"We have practice in 45 minutes,"
Swenson said. And he then hung up.
Wohl said he doesn't remember the
ride over. No pot holes.
After sitting out a year due to NCAA
transfer rules, Wohl achieved what
everybody told him was impossible.
"Just making the Michigan team was
his dream - even if it was just getting
on the floor in the last two minutes of
the game," Milt said.
Dani played a total of 13 minutes last
year, his first season with the team.
Milt said he would come to the games
an hour early to watch Dani during
shoot-around. To Milt, that was Dani's
S enior year - Dani's last.
Disaster strikes the team. Tri-
captain and team-leader Lester
Abram learns his season is over just
three games into the year because of a
shoulder injury. Then, the levy of health
crumbled - shoulders, knees, ankles,
elbows, noses all pained different Wol-
But for Wohl, like an ancient Chinese
proverb says, crisis is opportunity. And
Dani had been prepared.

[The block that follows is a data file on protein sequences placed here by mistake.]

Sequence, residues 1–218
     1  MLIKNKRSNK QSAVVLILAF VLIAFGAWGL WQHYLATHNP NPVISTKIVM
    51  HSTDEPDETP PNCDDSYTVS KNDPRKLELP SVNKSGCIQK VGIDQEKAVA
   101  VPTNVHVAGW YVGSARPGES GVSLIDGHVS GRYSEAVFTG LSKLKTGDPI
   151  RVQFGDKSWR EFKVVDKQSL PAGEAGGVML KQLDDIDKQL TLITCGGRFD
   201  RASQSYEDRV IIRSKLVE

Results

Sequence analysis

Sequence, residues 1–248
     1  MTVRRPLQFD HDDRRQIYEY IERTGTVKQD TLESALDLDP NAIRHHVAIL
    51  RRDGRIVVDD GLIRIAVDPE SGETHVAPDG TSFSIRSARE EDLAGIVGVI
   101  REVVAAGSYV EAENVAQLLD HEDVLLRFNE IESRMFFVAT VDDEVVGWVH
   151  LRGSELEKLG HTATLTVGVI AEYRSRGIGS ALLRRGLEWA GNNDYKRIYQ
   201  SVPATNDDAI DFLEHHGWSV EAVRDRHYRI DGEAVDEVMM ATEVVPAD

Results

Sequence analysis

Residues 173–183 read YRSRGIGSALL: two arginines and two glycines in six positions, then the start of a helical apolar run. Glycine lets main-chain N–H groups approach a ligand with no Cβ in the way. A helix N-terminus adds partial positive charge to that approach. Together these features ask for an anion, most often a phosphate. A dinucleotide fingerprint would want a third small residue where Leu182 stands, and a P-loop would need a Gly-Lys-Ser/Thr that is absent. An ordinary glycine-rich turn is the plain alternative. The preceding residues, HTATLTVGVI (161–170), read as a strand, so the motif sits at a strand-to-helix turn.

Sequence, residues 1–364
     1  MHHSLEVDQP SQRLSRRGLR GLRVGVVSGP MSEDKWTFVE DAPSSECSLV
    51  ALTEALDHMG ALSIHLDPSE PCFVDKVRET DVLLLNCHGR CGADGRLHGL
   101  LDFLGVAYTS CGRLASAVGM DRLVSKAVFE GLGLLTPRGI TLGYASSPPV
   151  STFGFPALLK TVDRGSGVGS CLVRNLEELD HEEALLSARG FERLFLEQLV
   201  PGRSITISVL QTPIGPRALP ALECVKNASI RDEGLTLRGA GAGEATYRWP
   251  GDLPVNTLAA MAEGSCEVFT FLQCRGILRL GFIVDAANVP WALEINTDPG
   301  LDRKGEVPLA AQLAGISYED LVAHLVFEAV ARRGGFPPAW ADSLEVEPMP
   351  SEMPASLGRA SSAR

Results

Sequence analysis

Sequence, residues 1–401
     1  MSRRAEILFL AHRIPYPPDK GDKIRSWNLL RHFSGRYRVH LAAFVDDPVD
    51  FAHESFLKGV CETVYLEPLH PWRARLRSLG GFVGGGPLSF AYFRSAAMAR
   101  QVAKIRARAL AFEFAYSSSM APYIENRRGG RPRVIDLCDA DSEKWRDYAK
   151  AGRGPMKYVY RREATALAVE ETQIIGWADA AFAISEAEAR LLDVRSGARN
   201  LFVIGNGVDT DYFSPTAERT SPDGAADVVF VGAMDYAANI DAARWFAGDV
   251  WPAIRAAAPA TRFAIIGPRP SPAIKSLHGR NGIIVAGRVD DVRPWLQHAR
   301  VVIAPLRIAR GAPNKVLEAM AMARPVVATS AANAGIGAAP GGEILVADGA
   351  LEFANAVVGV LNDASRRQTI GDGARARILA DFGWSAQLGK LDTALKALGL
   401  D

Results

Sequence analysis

With Abram out and guard Daniel
Horton sidelined with a knee injury,
Wohl played a career-high 30 minutes
against High Point.
The practice after Wohl played the
"game of his life," he tore a ligament in
his elbow. Team doctors told Wohl his
season was over.
Good thing Dani didn't listen.
Four weeks later, he was back. The
doctors were stunned.
Five games after Dani returned from
injury, two days after Michigan coach
Tommy Amaker suspended Horton
for legal troubles, Wohl was named a
The game: Michigan State. Breslin
And you think Dani is a survivor?
Sixty-years to the day of Dani's first
start, Wohl's grandmother was liberated
from Auschwitz, the Nazi concentration
camp where as many as three million
Jews were slaughtered. Dani's grand-
mother, Milt's mother, was the sole-
surviving member of the family to walk
out of Auschwitz alive. Dani's mother,
Renee, remembers standing near the
Breslin court thinking how wonderful
and blessed Dani was to be living such a
normal life. She said it was a wonderful
feeling, an awe.
"If she had not made it out of the